Unfortunately, most families are finally able to convince their senior parent to accept in-home care after a medical event such as a fall or other health related hospitalization. Seniors are often hesitant to accept in-home care as they feel they are quite capable of managing on their own. Hiring a caregiver is seen as a threat to their independence and an invasion of privacy. Below are a few suggestions to help you navigate what can be a challenging process at times.
- Ally with the more independent parent.
When your parents are both living and reside in their own home together, direct your attention to the less needy one. For instance, suggest that their spouse would be the one to benefit from outside assistance even when they both might. By allying yourself with the more independent parent, you may ultimately be able to get them both to accept the help they require. This is important as well as studies have shown that the primary caregiver in the home will often experience additional health issues to do the fact they are truly caring for two people.
- Start with a Caregiver trial period to focus on general support versus personal care
Another approach might be to suggest hiring a caregiver to manage some household chores and NOT actual hands-on care or personal assistance. Often this is seen as less threatening to a loved one’s independence and will serve as a means to “get the caregiver’s foot in the door”. Suggest help with food shopping and traveling to appointments, particularly when driving is no longer an option. If you also let them know it is a trail period they are often more accepting and once they see the value they will almost always continue with the services.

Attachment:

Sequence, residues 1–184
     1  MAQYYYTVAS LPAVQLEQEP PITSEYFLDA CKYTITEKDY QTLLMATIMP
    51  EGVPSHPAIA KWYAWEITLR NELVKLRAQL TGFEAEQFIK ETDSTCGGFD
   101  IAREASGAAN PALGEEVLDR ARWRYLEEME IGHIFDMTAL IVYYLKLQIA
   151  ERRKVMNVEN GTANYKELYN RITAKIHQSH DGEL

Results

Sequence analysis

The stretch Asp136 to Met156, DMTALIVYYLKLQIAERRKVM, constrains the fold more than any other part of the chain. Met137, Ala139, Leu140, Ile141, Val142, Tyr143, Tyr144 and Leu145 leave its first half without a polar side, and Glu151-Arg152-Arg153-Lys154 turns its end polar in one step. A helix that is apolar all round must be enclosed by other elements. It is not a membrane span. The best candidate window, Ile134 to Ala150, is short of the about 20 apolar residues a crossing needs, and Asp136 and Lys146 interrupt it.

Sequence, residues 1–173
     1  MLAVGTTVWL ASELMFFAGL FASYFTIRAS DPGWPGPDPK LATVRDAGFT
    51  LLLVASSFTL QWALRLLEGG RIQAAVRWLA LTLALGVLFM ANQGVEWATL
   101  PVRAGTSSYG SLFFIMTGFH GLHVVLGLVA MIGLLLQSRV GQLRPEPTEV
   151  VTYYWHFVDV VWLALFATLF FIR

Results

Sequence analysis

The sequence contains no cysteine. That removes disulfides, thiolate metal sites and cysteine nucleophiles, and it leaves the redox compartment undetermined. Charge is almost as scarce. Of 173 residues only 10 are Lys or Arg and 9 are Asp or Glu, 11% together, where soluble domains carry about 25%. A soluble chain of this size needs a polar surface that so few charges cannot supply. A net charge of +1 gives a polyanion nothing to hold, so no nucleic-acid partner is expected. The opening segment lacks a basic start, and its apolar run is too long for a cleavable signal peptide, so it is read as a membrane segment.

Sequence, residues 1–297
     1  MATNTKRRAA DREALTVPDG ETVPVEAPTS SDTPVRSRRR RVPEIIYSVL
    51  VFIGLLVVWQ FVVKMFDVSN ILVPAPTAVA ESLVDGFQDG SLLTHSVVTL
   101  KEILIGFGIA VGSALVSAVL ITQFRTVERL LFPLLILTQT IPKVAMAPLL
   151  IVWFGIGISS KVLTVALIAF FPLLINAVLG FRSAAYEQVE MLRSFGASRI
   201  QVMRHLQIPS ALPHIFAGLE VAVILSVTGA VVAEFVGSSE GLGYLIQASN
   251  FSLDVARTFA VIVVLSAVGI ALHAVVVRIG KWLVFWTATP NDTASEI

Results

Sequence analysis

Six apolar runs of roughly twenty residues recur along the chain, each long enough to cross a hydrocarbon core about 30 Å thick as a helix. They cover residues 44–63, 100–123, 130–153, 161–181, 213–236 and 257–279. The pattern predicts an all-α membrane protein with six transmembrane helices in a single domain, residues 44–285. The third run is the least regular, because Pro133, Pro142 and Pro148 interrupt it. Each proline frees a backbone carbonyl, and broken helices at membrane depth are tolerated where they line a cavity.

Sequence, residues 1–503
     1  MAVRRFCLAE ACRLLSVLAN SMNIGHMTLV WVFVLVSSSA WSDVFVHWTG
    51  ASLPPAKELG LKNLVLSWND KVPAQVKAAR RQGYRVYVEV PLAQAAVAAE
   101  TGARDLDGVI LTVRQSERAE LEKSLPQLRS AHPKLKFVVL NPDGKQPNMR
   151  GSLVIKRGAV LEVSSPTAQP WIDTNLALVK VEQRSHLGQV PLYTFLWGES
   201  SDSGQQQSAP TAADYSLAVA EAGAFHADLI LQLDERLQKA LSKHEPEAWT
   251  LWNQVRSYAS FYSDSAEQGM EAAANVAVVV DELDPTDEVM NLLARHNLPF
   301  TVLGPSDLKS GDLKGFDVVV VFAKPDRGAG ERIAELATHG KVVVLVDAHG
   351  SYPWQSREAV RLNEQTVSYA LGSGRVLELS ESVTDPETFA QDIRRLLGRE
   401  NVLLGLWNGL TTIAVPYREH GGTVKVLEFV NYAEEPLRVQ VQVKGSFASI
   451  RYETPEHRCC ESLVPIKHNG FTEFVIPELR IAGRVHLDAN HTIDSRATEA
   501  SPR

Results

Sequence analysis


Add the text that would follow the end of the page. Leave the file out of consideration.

- Make it about “You” versus “Them”
If your parent is living alone or with you, redirect the attention on YOU as the caregiver needing the home care assistance for peace of mind. Emphasize that you would be the one to benefit a lot from such help as many parents place concern for their children’ welfare before their own. If a Caregiver can come in to assist your loved one with bathing and personal care, you would have more time to manage other household responsibilities. As a working caregiver, suggest that by having a companion or assistant stay with your loved one, it would relieve you of worries and concerns while away.
- Use a Health Professional to help with the discussion
Another idea might be to seek the help and advice of a trusted professional who is someone your parents hold in high regard. They might surprise you by their willingness to accept the advice of a long-time family physician, a former or current home health nurse, or a family friend in the medical field. Many home care agencies will have a Nurse on staff for assessments which can help with the discussion as well.
- Don’t take their resistance personally.
In many families, your conflicting role as the child and caregiver hinder your well-meaning attempts at helping your parents. The basis for your actions should not be confused by misguided guilt. Therefore, do not take their rebuttals personally or offensively, but rather focus on a necessary means to an end. As mentioned earlier, it is important to have them get the support they need prior to an event such as a fall or other health related issue due to not getting the support they need as soon as they need it.